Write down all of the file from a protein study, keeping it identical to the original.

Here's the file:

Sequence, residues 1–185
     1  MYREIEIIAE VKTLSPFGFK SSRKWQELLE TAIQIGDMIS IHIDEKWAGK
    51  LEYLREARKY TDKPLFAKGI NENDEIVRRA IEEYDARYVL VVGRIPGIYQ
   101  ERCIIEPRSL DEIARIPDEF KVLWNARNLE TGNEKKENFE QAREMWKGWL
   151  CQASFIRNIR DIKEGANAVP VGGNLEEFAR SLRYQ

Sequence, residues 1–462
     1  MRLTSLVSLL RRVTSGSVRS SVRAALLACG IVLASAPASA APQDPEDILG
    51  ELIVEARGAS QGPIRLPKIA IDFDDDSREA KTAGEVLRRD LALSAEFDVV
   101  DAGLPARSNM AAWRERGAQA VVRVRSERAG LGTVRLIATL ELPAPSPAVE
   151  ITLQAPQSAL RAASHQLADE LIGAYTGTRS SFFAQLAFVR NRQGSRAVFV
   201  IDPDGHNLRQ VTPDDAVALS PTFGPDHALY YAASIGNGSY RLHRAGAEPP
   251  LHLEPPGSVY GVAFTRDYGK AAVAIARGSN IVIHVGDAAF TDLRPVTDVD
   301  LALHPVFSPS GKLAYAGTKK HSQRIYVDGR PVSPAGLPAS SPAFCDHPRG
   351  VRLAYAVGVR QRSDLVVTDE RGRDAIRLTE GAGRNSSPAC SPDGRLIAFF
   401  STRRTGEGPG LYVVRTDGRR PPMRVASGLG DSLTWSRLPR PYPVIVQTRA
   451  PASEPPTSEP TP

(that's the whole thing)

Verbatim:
Sequence, residues 1–185
     1  MYREIEIIAE VKTLSPFGFK SSRKWQELLE TAIQIGDMIS IHIDEKWAGK
    51  LEYLREARKY TDKPLFAKGI NENDEIVRRA IEEYDARYVL VVGRIPGIYQ
   101  ERCIIEPRSL DEIARIPDEF KVLWNARNLE TGNEKKENFE QAREMWKGWL
   151  CQASFIRNIR DIKEGANAVP VGGNLEEFAR SLRYQ

Sequence, residues 1–462
     1  MRLTSLVSLL RRVTSGSVRS SVRAALLACG IVLASAPASA APQDPEDILG
    51  ELIVEARGAS QGPIRLPKIA IDFDDDSREA KTAGEVLRRD LALSAEFDVV
   101  DAGLPARSNM AAWRERGAQA VVRVRSERAG LGTVRLIATL ELPAPSPAVE
   151  ITLQAPQSAL RAASHQLADE LIGAYTGTRS SFFAQLAFVR NRQGSRAVFV
   201  IDPDGHNLRQ VTPDDAVALS PTFGPDHALY YAASIGNGSY RLHRAGAEPP
   251  LHLEPPGSVY GVAFTRDYGK AAVAIARGSN IVIHVGDAAF TDLRPVTDVD
   301  LALHPVFSPS GKLAYAGTKK HSQRIYVDGR PVSPAGLPAS SPAFCDHPRG
   351  VRLAYAVGVR QRSDLVVTDE RGRDAIRLTE GAGRNSSPAC SPDGRLIAFF
   401  STRRTGEGPG LYVVRTDGRR PPMRVASGLG DSLTWSRLPR PYPVIVQTRA
   451  PASEPPTSEP TP